By about two years into transition, I really felt like I was going to have to bite the bullet. I couldn’t keep living the way I was living. Other people manage far longer, but I couldn’t. About two years transitioning I began planning for surgery in earnest, and about six months later, the big day arrived.

I tried to have realistic expectations. I was mostly worried about the risks. I could die on the table; I could have nasty complications. I was quite fearful, but I went ahead anyway, because it was something I felt I needed to do. Even as I went forward, almost all my attention was on negatives, the recovery, the aftercare, and so on. I didn’t expect it to change anything much in my day to day life, other than stealing time out of my day for dilation. Almost everyone I knew assumed I had a vagina as it was, so they weren’t going to treat me any differently. I was still single, and so didn’t have exciting plans to put my new anatomy to immediate use. In many ways I went into it with about as much excitement as I would go into a wisdom tooth extraction—something you have to do.

So I was remarkably surprised by what happened after surgery. I’ve never had my expectations so utterly fail to match my experience. I had never imaged that I would be on cloud nine, not for days, but for months afterwards. When I came back from surgery, I actually outed myself to my housemates partly because I had a dilation regimen that would be hard to explain, but also because it would have otherwise been hard to explain the big smile I had much of the time.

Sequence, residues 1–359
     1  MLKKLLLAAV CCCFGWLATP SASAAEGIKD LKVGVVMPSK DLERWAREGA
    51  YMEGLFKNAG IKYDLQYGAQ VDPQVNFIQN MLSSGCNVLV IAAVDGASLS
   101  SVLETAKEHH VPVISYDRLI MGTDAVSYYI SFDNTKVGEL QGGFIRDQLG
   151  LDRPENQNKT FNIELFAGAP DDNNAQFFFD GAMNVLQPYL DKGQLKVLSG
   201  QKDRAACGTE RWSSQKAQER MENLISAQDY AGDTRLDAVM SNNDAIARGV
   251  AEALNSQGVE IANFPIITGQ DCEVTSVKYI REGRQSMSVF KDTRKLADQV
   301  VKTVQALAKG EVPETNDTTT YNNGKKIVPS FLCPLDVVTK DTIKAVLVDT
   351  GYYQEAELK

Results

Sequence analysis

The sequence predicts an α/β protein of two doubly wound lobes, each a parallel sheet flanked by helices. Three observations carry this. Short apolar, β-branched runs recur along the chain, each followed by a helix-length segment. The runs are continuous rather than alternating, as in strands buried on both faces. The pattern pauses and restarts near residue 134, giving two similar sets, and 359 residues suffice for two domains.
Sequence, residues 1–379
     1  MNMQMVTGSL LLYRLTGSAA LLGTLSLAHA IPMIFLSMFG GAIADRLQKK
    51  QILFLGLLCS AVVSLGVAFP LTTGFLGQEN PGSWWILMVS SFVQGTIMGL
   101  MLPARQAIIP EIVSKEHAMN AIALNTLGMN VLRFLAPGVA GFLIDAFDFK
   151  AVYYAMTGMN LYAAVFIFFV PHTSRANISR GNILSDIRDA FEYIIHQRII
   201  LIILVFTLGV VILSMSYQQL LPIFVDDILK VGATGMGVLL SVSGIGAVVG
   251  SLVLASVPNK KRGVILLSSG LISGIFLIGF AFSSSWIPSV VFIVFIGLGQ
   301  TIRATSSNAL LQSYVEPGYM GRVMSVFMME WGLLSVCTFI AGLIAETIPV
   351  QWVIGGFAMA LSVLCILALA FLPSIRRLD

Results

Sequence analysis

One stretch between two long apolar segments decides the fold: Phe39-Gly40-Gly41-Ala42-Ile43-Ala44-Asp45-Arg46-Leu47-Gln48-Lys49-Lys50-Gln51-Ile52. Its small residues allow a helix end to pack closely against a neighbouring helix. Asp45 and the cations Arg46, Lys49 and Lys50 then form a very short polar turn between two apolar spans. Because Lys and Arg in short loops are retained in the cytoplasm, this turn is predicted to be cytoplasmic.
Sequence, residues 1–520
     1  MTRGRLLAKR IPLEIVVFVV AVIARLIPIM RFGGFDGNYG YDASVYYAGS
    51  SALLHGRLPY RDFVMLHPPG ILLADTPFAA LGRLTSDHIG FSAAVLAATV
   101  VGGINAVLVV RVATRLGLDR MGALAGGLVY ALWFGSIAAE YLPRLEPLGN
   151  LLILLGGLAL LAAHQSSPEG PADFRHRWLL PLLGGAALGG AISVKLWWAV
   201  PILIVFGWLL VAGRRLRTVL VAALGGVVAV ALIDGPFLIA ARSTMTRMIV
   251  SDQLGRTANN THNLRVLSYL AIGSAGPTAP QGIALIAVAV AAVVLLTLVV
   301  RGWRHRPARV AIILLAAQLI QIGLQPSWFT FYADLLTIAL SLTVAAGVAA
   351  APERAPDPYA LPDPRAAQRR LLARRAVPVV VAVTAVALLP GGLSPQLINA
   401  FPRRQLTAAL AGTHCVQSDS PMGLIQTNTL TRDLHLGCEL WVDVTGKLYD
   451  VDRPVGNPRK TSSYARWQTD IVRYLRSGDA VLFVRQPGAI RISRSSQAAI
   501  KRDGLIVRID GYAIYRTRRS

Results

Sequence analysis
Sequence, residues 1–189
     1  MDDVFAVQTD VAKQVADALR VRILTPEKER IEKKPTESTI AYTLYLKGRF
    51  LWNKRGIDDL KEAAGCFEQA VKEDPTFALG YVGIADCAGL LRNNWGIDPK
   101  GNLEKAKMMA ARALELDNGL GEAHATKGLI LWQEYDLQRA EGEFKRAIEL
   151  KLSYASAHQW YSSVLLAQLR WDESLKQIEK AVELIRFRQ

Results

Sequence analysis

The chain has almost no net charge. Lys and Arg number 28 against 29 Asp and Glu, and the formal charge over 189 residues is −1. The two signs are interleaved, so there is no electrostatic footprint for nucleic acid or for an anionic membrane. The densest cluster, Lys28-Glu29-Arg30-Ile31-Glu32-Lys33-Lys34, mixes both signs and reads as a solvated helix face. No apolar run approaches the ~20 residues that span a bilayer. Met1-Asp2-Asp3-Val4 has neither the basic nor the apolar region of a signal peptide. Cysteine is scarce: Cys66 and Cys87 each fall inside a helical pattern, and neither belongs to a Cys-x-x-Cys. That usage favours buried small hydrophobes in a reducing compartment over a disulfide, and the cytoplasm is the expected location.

Why I was so happy is not the kind of thing I can explain with any kind of logic, just that when things are right, you know. I’d had a mental image of what everything would feel like, but the reality was so much better. I wasn’t really aware that I’d be able to use my pubococcygeus muscle to squeeze my vagina and anything inside it, or how that would actually feel. It turns out that in my case, the way it all feels, the harmony of it all, is almost magical. Having a clitoris is likewise a wonderful thing. Labia aren’t quite as big a deal to have, but they’re still part of the overall picture.

The post surgery aftercare was much easier than I imagined. I had no pain, only some discomfort when I put pressure on parts that were tender and still healing. That did mean that I had some discomfort sitting on hard surfaces, but a donut ring handled that while things healed (the inflatable ring I got given wasn’t especially attractive, but it easily fitted into a regular cushion cover).  Dilation was fine too; it wasn’t painful, in fact it could be as much fun as I wanted to make it.

In short, I thought I knew what to expect but I was wrong—in a good way. It does mean though, that, as politically incorrect as it may be, people who have not had surgery are ill-equipped, literally, to comment on how important it is for the people that have it. To adapt the line from The Matrix, “No one can be told what having a vagina is like, you have to have one of your own.”

I don’t think it’s always this good for everyone who has surgery; other people do have pain or complications, or just aren’t as happy as they thought they would be. And I don’t want to imply that things are perfect for me. Surgery makes the best of what you have, but it can’t create something out of nothing. I’m missing ovaries, fallopian tubes, uterus, cervix, and so on. I’ll never have a period. I’ll never be pregnant and bear children. And if I want to maintain the depth and width of my vagina, dilation is a ritual I must faithfully follow. But I can say with conviction that surgery made a huge positive difference for me.

For me, there is something transcendent in taking a part of my body that I had no love for, and refashioning it into a part of myself that I cherish. It isn’t a minor thing, or something superficial. It’s an amazingly wonderful thing. It’s about the best thing ever.